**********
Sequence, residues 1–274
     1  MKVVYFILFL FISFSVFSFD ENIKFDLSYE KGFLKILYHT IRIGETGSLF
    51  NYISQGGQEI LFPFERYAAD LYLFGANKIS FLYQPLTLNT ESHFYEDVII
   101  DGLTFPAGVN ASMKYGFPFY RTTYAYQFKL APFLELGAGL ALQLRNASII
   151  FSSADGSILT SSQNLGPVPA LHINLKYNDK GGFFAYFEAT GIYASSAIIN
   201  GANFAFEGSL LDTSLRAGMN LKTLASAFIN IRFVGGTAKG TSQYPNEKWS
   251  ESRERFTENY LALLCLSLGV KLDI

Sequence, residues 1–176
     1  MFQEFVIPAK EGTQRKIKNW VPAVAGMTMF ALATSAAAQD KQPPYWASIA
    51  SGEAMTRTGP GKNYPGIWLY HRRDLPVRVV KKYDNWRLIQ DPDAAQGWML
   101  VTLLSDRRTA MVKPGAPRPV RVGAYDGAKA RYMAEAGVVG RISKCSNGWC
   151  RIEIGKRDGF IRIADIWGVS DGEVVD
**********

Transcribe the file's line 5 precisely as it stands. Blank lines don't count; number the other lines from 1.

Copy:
   151  FSSADGSILT SSQNLGPVPA LHINLKYNDK GGFFAYFEAT GIYASSAIIN